I also did not have the opportunity to talk about the fact that one of the officials—I think it was Commissioner Head—told us in committee that this kind of case comes up perhaps no more than five or six times a year. Again, he does not include in his statistics the possibility that there were agreements between the Crown and the defence to avoid the impact and application of Bill C-53. Would we even see cases prosecuted on that basis? We need to remember the real question with respect to constitutionality.
It would be whether leaving prisoners without hope of release at least by a neutral decision-making body would meet Canadian standards of human treatment.
Again it comes back to leaving the matter in the hands of the public safety minister. I believe that the government would have preferred to not even include the 35-year provision. Let us remember the title of the bill.
Life means life, except if the minister thinks this or that, so on and so forth. The Conservatives just give themselves a little hope that the court will say it is constitutionally sound. There are so many ways to minimize this. I have always said that the families should go before the commission only and solely if the commission intends to release the criminal who has committed this type of crime. If they have, for some weird reason that I cannot foresee because I have not seen any case of the kind, then we remove the trauma because they will never even be asked to go. As the commission said to us, it knows those guys will not go out. Why bother bringing the victims to relive the trauma? That is all they have to do.
View Françoise Boivin Profile
View Françoise Boivin Profile
2015-06-18 17:21 [p.15316]
Mr. Speaker, I thank my colleague for his question. It gives me an opportunity to make some remarks I did not have a chance to make earlier.
While I was studying the bill in order to make my recommendations to the official opposition caucus, I had a letter from the Canadian Prison Law Association. These people wrote to me in March 2015. They thought the bill was on the fast track. That was the impression the government was giving. In the end, though, the Conservatives were asleep at the switch until nearly the last day of the parliamentary session.
The association recommended that I go talk to people who had worked in the prison system, the justice system, including the American justice system, and people from the other countries the Parliamentary Secretary to the Minister of Justice is so fond of mentioning.
A distinction must be made, because their system is not exactly the same as ours. They do not necessarily have our Charter of Rights and Freedoms. I know that some Conservatives would rather the charter not exist, but it does. As long as the Conservatives do not use the notwithstanding clause, they can try every trick in the book to undermine the charter, but the Supreme Court will always have to remind them that we have a Charter of Rights and Freedoms, because that is the role of the court. The Conservatives must therefore ensure that the bills they introduce are in line with the charter and the Constitution.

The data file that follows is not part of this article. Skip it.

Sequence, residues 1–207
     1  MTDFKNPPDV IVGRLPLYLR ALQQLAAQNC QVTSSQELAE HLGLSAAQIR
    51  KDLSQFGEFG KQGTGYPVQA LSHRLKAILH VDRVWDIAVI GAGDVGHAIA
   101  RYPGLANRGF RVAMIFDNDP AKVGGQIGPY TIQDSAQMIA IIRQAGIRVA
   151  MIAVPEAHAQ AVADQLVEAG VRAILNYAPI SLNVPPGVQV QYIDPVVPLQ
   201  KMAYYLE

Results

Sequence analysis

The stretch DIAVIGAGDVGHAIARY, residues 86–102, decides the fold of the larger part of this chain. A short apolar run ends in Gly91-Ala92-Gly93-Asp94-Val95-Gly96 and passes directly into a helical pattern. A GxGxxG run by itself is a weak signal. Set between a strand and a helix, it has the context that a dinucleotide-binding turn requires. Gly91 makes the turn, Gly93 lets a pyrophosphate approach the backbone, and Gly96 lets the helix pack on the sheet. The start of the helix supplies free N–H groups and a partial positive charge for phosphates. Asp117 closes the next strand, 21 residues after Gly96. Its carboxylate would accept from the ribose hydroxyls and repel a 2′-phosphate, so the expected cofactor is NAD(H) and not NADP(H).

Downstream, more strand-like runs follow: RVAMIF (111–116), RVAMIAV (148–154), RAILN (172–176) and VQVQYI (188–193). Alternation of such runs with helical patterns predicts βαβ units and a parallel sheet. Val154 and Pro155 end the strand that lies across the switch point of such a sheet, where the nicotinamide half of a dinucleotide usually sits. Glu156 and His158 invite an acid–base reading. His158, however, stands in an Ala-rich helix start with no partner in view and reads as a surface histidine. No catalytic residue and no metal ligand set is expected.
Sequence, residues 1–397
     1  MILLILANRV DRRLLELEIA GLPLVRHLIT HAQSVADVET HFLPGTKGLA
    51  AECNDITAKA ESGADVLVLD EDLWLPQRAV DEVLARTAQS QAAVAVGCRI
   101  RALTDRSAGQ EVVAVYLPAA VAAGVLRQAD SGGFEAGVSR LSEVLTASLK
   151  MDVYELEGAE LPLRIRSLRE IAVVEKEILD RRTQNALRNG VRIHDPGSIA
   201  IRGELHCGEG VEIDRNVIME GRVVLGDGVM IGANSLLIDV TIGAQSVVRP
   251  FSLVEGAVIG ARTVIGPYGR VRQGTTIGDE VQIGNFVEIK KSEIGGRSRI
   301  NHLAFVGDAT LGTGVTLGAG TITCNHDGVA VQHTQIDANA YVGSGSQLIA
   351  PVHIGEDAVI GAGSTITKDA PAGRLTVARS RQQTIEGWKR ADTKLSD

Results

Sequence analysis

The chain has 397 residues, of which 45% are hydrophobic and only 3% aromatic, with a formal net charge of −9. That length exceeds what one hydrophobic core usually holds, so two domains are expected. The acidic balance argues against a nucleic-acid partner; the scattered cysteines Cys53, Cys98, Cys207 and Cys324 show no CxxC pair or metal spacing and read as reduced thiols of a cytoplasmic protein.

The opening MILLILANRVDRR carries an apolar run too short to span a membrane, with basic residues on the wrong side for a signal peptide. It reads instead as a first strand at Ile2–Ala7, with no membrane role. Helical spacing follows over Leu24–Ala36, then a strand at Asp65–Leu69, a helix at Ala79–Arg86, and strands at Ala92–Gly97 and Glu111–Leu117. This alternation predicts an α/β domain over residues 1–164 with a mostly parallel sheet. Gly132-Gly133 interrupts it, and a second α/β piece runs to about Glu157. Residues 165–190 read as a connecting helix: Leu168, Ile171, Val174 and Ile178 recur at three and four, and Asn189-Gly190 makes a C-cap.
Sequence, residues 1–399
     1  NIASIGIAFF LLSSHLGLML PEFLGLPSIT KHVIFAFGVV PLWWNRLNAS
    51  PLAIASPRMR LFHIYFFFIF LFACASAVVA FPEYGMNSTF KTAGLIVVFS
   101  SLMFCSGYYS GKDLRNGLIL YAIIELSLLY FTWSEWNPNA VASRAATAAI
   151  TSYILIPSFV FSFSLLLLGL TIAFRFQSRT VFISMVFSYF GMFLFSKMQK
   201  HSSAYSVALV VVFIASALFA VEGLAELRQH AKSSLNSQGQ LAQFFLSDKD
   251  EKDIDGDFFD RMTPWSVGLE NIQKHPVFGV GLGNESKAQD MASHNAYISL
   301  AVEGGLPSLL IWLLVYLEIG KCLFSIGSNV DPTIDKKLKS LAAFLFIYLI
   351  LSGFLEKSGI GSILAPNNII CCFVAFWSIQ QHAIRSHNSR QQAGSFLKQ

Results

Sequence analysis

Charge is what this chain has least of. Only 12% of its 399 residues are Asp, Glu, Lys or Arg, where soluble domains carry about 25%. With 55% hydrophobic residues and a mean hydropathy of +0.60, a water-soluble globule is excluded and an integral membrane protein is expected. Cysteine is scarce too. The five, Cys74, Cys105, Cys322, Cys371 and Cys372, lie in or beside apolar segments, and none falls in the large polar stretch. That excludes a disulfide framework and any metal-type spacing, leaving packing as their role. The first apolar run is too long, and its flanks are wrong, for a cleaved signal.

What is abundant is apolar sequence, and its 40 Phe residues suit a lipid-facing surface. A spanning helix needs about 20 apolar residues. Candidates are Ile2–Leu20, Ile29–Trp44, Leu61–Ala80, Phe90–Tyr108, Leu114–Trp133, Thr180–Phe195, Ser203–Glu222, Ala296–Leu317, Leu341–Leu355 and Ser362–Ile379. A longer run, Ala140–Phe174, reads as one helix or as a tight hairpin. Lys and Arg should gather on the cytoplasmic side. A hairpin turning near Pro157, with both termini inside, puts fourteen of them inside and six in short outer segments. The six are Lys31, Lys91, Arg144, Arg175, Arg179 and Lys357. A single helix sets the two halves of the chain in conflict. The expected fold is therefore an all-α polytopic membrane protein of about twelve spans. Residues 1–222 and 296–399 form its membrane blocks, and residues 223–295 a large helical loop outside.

We need to be careful with comparisons before making such unequivocal statements, as the parliamentary secretary does, in light of the fact that others do not have the same laws as us.
View Françoise Boivin Profile
View Françoise Boivin Profile
2015-06-16 14:31 [p.15155]
Mr. Speaker, the Information Commissioner of Canada, Suzanne Legault, has taken the Minister of Public Safety and Emergency Preparedness to court over the RCMP's illegal destruction of data. This is a serious matter.
It appears that the minister's office pressured the RCMP to violate the Access to Information Act by destroying the data prematurely.
Will the minister be transparent and tell us whether his office pressured the RCMP to destroy the data before the law took effect?
View Françoise Boivin Profile
View Françoise Boivin Profile
2015-06-16 14:32 [p.15156]
Mr. Speaker, I assume that is why the government is going to grant a pardon, with Bill C-59, for acts that were allegedly legal. In any case, it is a little hard to understand and to follow.
The Conservatives have mastered the art of taking Canadians for fools, and with just a few days left in this parliamentary session, they are introducing new bills that have no hope of being passed solely for electioneering purposes, including the bill on impaired driving and the bill on victims rights in the military justice system.
Some hon. members: Hear, hear!
Ms. Françoise Boivin: Mr. Speaker, I would not be applauding, knowing that these bills will not make it through the legislative process.
View Françoise Boivin Profile
View Françoise Boivin Profile
2015-06-16 14:33 [p.15156]
Mr. Speaker, I would not be applauding if I were on the government side, knowing that these bills will not pass.
My question is simple: if those issues were such a priority for the Conservatives, why did they not introduce those bills earlier so they could go through the normal channels and have a chance to pass?